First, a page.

If a victim is injured by someone who is mentally impaired in Georgia, can that victim recover damages for her personal injuries?
The general rule in Georgia is that a psychotic person cannot be held criminally responsible for his crimes because he is not acting as a free agent and is incapable of a guilty intent. However, in a civil case, if the mentally impaired person cases personal injury to another, proof of intent is generally not necessary. Therefore, the mentally impaired person is liable for torts the same as anyone else, except for torts that require proof of intent.
This rule allows a victim to sue the mentally impaired person for personal injuries caused by negligence. This rule is supported by the principal that where a loss must be borne by one of two innocent persons, it should be borne by the one who occasioned it.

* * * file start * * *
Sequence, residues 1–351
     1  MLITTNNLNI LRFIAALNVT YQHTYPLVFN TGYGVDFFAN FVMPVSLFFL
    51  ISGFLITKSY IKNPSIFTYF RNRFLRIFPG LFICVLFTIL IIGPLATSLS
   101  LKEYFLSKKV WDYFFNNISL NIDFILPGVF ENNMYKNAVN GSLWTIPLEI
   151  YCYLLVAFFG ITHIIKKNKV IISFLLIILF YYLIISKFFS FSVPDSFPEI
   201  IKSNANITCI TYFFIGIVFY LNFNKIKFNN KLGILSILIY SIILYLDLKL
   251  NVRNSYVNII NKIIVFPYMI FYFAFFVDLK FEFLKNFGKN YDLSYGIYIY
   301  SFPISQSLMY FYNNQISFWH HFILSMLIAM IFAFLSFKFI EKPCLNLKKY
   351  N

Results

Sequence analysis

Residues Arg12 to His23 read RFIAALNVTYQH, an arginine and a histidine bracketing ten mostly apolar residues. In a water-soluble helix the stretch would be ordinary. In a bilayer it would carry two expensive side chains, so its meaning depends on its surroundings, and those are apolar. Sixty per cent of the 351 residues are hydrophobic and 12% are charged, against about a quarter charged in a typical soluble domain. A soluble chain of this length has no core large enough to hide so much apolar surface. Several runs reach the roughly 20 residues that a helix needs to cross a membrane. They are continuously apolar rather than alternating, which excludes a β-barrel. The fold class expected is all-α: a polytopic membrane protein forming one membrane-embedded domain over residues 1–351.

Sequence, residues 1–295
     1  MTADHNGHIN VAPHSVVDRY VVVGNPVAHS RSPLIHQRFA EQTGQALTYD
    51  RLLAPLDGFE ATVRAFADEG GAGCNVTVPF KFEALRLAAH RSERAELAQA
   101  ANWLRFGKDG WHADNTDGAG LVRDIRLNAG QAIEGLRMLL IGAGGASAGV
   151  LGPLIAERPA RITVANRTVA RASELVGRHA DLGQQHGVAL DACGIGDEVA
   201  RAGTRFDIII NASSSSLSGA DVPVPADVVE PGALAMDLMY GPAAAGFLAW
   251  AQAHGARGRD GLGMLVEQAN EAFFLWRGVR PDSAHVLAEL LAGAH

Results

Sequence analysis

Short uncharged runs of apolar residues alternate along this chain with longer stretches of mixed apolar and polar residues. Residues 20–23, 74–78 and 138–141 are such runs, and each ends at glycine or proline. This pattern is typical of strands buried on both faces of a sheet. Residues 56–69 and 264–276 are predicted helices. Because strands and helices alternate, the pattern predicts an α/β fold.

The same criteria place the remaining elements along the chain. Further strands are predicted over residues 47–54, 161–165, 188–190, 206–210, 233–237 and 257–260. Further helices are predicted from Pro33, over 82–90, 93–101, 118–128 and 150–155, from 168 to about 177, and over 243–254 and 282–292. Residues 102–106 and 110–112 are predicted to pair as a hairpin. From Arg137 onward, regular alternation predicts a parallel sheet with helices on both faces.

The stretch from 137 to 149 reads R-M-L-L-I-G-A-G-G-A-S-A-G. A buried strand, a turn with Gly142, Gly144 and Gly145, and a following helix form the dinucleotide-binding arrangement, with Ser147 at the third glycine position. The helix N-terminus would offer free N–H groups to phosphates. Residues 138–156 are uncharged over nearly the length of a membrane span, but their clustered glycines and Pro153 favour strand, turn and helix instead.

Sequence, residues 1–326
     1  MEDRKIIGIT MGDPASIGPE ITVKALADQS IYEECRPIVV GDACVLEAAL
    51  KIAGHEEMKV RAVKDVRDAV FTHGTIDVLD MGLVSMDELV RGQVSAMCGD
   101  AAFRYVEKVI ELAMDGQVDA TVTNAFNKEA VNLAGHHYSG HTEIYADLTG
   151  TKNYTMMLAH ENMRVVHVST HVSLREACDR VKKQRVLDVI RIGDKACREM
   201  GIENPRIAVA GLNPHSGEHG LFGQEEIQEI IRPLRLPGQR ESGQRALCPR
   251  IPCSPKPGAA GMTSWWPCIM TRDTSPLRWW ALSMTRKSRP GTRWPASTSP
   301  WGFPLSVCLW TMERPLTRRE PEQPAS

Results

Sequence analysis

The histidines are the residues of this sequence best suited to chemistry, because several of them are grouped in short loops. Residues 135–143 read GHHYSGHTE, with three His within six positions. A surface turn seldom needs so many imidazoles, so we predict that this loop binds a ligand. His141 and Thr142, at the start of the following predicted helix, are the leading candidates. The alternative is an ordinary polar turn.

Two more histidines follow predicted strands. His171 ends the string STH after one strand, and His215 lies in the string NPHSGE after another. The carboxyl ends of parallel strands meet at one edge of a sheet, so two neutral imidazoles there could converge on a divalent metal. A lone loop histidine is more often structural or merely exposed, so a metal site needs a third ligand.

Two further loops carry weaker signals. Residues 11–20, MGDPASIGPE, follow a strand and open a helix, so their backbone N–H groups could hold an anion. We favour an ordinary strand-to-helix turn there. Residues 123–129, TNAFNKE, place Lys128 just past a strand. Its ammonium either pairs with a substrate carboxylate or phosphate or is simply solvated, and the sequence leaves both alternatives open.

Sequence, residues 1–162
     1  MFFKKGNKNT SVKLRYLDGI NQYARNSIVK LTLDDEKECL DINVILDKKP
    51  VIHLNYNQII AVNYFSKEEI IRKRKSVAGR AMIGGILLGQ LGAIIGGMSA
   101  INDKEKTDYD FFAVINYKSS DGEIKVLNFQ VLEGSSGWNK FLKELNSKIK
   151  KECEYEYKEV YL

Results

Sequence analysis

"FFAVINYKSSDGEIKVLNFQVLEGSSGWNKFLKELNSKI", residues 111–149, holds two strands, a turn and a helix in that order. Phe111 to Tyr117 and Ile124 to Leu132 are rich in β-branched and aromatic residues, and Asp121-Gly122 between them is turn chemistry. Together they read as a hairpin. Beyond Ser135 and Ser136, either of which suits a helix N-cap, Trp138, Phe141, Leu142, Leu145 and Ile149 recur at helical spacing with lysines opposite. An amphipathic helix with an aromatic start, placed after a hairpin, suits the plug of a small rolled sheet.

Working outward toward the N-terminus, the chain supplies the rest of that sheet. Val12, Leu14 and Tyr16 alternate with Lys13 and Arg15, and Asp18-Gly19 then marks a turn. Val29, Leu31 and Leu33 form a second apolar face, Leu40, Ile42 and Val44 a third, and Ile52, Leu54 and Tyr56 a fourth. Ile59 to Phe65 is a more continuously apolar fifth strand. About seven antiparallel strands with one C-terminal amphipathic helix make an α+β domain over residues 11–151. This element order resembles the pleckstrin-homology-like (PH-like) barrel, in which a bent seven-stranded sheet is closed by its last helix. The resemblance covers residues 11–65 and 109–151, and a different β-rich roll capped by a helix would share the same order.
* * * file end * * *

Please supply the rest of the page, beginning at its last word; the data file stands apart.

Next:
Of course, there is the occasional odd circumstance where the “insanity is not a defense in tort cases except for intentional torts” rule seems to be a little too broad. For example, if a driver is suddenly overcome, without forewarning, by a mental disability or disorder which incapacitates him from conforming his conduct to the standards of a reasonable man under like circumstances, the insanity defense may apply. In one case, Breunig v American Family Ins. Co. (1970) 45 Wis 2d 536, 173 NW2d 619, 49 ALR3d 179, a victim that suffered personal injuries suffered in an automobile accident. The Defendant suffered a mental delusion while she was driving, as she saw a white light on the back of a car ahead and was under the impression that God was holding the steering wheel and directing her car when the accident occurred. The court held that it was a jury question with regard to whether the driver had knowledge of her schizophrenic, paranoid condition and of likelihood of hallucination while driving.